Continuous Generation of Ultrasound

Continuous Laser Generation of Ultrasound

USPTO Patent Number 8210045

Congrtatulations to Li Zheng, Alexey M. Lomonosov, Chenyin Ni, Bing Han, and Zhonghua Shen who is the first research to validate this concept in an experimental setting!  Their paper, "Selective generation of Lamb modes by a moving continuous-wave laser", was published in Optics Letters, vol 43, 2018.

Generating and detecting ultrasound is a standard method of nondestructive evaluation of materials. The amplitude or speed of the ultrasound is used to determine the strength of the material, or to sense defects. Pulsed lasers are used to generate ultrasound remotely in situations where contact transducers cannot be used or is not beneficial. In these laser-based systems, the scanning rate is limited by the repetition rates of the pulsed lasers, ranging between 10 and 400 Hz for lasers with sufficient pulse widths and energies. A hundred shots per second may at first seem like a good pace, but if one needs to scan a square meter with millimeter resolution, the scan would take between three hours and two days. In place of the pulsed laser, we believe that a high-powered continuous wave laser (think about a laser pointer with two million times the power) can be used in replace of the pulsed laser to create the ultrasound in the material. As shown in the figure, a scanning mirror sweeps the beam across the surface, generating an ultrasonic wavefront in the material. Our calculations reveal that with sufficient power, detectable ultrasound waves can be produced at a scanning rate that is more than 20,000 times faster. All components of the system are commercially available to produce such a system.

A rotating mirror sweeps the laser beam across a material to create ultrasonic wavefronts.

Fig1: A typical CLGU setup used for sensing generating and detecting ultrasound in materials. Changes in the wavefront as it passes through the material indicate material defects. The deflection shown is greatly exaggerated. Here a GCLAD system is used for detection, but a scanning laser interferomteric system may also be used.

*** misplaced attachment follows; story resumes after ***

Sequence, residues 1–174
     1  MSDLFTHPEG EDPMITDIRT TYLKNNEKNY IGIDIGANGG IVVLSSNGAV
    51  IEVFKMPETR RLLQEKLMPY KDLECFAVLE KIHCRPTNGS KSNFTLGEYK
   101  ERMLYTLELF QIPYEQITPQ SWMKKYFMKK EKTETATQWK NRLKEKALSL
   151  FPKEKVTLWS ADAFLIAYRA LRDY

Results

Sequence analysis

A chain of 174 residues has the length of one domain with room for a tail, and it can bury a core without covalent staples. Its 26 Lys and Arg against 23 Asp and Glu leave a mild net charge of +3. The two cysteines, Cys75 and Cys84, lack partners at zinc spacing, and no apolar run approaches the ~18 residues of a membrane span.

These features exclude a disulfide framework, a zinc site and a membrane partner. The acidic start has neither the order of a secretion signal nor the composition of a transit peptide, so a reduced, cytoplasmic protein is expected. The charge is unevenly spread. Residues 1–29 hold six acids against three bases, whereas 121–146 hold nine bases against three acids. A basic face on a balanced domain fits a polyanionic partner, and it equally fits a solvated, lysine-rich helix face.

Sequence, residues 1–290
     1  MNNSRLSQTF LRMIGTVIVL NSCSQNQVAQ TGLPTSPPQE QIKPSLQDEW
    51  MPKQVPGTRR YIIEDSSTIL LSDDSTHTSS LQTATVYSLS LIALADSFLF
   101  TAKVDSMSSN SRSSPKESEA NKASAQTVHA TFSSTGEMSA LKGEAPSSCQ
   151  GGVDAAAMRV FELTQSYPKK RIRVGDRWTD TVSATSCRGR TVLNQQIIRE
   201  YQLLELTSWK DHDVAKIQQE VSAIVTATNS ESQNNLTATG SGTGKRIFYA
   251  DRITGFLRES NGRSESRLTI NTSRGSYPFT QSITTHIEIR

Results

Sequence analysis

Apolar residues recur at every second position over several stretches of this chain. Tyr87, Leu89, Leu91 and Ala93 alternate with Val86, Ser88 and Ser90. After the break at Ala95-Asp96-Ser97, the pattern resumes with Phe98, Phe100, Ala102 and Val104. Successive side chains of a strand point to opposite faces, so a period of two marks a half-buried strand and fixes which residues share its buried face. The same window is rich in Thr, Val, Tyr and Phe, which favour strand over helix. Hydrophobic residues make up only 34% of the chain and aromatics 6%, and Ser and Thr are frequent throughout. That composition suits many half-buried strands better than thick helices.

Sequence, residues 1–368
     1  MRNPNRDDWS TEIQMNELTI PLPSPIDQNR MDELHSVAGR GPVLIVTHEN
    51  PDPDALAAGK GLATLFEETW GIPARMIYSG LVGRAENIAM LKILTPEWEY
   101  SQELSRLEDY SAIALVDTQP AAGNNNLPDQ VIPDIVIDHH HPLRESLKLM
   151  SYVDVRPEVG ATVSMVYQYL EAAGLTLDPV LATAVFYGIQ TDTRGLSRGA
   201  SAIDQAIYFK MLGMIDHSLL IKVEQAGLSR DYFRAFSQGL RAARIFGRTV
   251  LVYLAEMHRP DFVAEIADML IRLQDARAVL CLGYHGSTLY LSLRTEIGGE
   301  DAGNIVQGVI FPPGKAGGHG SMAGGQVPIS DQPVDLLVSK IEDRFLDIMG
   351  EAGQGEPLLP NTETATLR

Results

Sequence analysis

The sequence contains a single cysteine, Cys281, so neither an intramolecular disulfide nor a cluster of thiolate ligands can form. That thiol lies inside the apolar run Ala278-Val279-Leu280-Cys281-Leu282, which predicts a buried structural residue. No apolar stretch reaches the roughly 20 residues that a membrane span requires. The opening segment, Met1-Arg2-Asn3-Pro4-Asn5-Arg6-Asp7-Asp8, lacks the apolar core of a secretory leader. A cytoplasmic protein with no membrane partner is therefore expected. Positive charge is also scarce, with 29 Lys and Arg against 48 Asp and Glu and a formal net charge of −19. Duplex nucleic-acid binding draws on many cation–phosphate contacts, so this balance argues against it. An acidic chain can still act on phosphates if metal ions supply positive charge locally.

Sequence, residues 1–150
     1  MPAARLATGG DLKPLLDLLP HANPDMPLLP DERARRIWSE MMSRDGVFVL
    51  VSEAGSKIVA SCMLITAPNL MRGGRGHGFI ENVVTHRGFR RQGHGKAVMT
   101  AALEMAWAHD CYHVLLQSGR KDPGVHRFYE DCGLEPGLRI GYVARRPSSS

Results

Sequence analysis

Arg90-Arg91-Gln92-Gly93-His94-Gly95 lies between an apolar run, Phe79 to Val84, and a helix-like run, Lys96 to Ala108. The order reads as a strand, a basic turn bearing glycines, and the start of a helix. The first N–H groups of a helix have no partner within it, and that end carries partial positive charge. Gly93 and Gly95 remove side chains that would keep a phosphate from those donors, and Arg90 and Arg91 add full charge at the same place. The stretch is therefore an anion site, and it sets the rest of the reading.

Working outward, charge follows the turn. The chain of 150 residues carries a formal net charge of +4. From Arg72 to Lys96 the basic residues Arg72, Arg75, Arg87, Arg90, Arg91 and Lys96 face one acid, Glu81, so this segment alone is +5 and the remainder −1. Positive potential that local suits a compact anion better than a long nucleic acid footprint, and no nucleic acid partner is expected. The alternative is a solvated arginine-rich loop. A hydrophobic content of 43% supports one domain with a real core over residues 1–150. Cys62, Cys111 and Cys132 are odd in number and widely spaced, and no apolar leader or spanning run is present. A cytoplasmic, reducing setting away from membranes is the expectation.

The primary technology challenge is developing a fast rotating mirror that can operate at the desired angular velocity and handle the high incident power. The primary advantage is the time savings. As of 2008, the Lockheed-Martin LaserUT system had a rate of 400 inspection points per second, limited by the pulse rates of the lasers. With this scan rate and 2 mm steps, the system can scan at a rate of 5.8 m^2/hour. If steps are reduced to 1 mm, it would take 42 minutes to scan a squared meter. In contrast, CLGU could scan a single meter-long line in less than a millisecond, and a squared meter with millimeter resolution in less than a second. If realized, CLGU can be used for the rapid inspection of airplane fuselages, full inspection of composite panels and during manufacturer, and remote inspection of hot metals during production.


As a research tool, CLGU allows the study of acoustic wavefronts in materials, and can provide ultrasound ’videos’ of materials under stress and impact.

Defect Resolution

Increased ultrasound frequency enables the detection of smaller flaws. The frequency distribution created by pulsed laser generation is inversely proportional to the pulse width and cannot easily be modified. For CLGU, the center frequency distribution is determined by the scanning velocity and the beam radius. Thus, ultrasound frequency can be varied by changing either the scanning rate or the beam spot size. Quarktet defect resolution for continuous laser generation of ultrasound

CLGU Research

We are currently exploring different approaches to funding the R & D of CLGU. As you can imagine, this requires the use of a facility with the appropriate lasers. If you have any ideas on how to get this started, feel free to share them with us.

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